Saturday, August 21, 2010

American opinion firm against Iraq War

More than half the country thinks history will judge the Iraq War to have been a mistake, according to the results of a survey released Friday.
Fifty-three percent of respondents said the conflict will be deemed either a "total failure" or "mostly a failure" -- roughly the same as the 51 percent of respondents who answered that way in 2006, pollsters at Gallup reported.

The above is from Mike Lillis' "Poll: Majority say history will deem Iraq war a failure" (The Hill). Tom Diemer (Politics Daily) adds, "The war, launched in 2003 by President George W. Bush, is viewed as a "mistake" by 78 percent of the Democrats surveyed, while 67 percent of the Republicans questioned say the invasion wasn't the wrong move. Similarly, on the history question, 70 percent of the Democrats say it will go down as a failure, while 60 percent of Republicans think the war will be judged successful." (This poll and the similar AP poll released Friday were noted in yesterday's snapshot.) And the reality is that the Iraq War has not ended. Fort Gordon held a send off (link contains video) for 110 soldiers deploying to Iraq. And Bill Van Auken (WSWS) reported earlier this week:

Despite the growing crisis in Iraq, the Obama administration has continued to tout the troop withdrawals as the fulfillment of the president’s campaign promise to bring the Iraq war to a close and to insist, against the evidence, that security in the country is improving.
Iraq remains “firmly on track,” White House spokesman Bill Burton told reporters on Tuesday. “And we’re confident that we’re moving toward the end of our combat mission.”
He dismissed the acrimonious sectarian divide that the abortive attempts to form a new government are exacerbating. “The fact that there is a lot of competition for who is going to be running that country is a good thing,” said the spokesman.
The reality is that the 50,000 US troops remaining in the country, supposedly to “advise” and “train” Iraqi forces, remain combat ready, and the country’s air space and shores remain under the control of the US military, with no indication that they will be ceded to the Iraqis any time soon.

Earlier this week, an Iraq War veteran apparently took his own life after apparently killing his family. WJFW reports that the late Matthew Magdzas is thought to have "killed his 26-year-old wife April Oles-Magdzas and their 13-month-old Lila" and the families three dogs.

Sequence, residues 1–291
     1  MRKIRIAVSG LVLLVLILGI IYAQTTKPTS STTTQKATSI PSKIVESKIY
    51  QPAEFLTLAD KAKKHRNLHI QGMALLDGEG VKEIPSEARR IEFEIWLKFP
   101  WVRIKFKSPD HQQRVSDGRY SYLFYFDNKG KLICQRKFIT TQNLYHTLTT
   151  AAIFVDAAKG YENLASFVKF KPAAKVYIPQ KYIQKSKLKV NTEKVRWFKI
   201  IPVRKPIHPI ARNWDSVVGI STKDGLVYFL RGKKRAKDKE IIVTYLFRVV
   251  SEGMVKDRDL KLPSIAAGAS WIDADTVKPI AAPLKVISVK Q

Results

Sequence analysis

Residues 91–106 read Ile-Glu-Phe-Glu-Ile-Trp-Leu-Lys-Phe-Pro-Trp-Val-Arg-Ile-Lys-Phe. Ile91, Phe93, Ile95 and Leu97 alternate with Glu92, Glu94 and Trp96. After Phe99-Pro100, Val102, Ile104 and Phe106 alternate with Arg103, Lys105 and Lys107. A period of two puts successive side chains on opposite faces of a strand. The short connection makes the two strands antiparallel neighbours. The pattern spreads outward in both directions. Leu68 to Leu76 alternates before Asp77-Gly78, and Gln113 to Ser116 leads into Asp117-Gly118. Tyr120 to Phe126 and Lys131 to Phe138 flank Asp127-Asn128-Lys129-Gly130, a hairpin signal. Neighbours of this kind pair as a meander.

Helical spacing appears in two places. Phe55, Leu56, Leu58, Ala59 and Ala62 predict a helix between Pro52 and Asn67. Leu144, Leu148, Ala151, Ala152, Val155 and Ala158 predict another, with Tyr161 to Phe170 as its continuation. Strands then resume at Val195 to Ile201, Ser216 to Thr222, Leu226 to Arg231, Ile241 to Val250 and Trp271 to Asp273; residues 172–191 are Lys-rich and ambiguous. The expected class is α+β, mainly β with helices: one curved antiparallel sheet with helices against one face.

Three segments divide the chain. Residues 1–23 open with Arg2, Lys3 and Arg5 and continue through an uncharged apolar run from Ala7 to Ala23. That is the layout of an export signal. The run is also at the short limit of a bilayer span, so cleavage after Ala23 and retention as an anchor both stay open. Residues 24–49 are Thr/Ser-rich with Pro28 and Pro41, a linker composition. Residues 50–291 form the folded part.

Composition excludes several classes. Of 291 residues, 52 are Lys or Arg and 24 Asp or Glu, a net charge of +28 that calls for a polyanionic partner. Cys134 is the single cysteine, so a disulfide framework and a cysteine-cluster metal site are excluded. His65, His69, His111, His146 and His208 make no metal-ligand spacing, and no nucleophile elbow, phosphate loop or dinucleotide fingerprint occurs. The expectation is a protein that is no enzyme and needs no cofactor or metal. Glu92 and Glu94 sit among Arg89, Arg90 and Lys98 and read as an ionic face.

The following community sites -- plus Washington Week, Jane Fonda and Ralph Nader -- updated last night and today:


News Release
WASHINGTON--Today the former head of the Palestinian negotiating team
asserted the rigth of Palestinian refugees to return to their homes.
Dr. Haidar Abdel Shafi, who led the Palestinian delegation to the Madrid and
Washington talks said that Palestinians "evicted out by terrorism and
force" should be allowed back to their homes. "This is a matter that should go
to the conscience of the world--and the democratic world especially."
Saying that "the refugee issue is the heart and the core of the problem,"
Abdel Shafi, a physician from Gaza and widely-respected Palestinian
leader, called on the Palestinian Authority to include "the issue of the
Palestinian refugees on the basis of resolution 194" in the negotiations.
Abdel Shafi was joined by Francis Boyle, professor of International Law
at the University of Illinois, who served as legal advisor to the
Palestinian delegation. He also cited UN Security Council resolution's 194, passed
in 1948 and calling for the return of the refugees at the "earliest
practicable date."
In response to a question, Abdel Shafi replied that the current
Palestinian leadership "will disqualify itself" if it were to sign away the right to
Buttressing his case for the right of Palestinians to return to their
homes, Boyle cited U.S. policy favoring family reunification of Soviet Jews and
compensation for losses resulting from the Nazi holocaust. He also
noted that the Universal Declaration of Human Rights asserts "everyone has the
right to return to his country."
Boyle, who provided legal assistance to the Bosnians and Kosovar Albanians,
also cited the precedent of "Bosnian refugees to return to their homes
in the aftermath of the NATO bombing of Yugoslavia. "The Palestinians
should have the same right to go back to their homes".
Citing Yugoslavia and apartheid South Africa as examples, Boyle warned
that "if Israel refuses to implement resolution 194, it will jeopardize its
membership in the United Nations" and risk various sanctions.
Boyle called the current circumstance "a remarkable opportunity for
peace in the Middle East--if the U.S. and Israel show a commitment to
international law."
Palestinians are the largest refugee population in the world, many
continue to live in refugee camps in Lebanon, Syria and the occupied territories.
Approximately 750,000 were driven from their homes in 1948. Remarks
were made at a news conference organized by CPRR.

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thomas friedman is a great man

oh boy it never ends